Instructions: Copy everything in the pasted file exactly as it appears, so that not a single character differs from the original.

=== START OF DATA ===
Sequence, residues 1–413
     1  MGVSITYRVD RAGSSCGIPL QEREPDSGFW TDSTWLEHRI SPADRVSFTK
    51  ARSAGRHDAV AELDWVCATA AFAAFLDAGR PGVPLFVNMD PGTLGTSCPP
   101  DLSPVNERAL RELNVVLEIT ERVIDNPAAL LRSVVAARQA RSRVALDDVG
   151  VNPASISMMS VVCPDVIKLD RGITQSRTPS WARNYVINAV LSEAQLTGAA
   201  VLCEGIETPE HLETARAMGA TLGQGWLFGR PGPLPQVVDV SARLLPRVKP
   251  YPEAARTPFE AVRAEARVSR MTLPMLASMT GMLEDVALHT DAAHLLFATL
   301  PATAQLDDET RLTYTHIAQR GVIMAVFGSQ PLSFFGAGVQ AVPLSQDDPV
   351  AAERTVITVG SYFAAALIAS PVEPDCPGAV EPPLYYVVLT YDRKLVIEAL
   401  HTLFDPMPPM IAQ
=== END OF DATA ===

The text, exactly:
Sequence, residues 1–413
     1  MGVSITYRVD RAGSSCGIPL QEREPDSGFW TDSTWLEHRI SPADRVSFTK
    51  ARSAGRHDAV AELDWVCATA AFAAFLDAGR PGVPLFVNMD PGTLGTSCPP
   101  DLSPVNERAL RELNVVLEIT ERVIDNPAAL LRSVVAARQA RSRVALDDVG
   151  VNPASISMMS VVCPDVIKLD RGITQSRTPS WARNYVINAV LSEAQLTGAA
   201  VLCEGIETPE HLETARAMGA TLGQGWLFGR PGPLPQVVDV SARLLPRVKP
   251  YPEAARTPFE AVRAEARVSR MTLPMLASMT GMLEDVALHT DAAHLLFATL
   301  PATAQLDDET RLTYTHIAQR GVIMAVFGSQ PLSFFGAGVQ AVPLSQDDPV
   351  AAERTVITVG SYFAAALIAS PVEPDCPGAV EPPLYYVVLT YDRKLVIEAL
   401  HTLFDPMPPM IAQ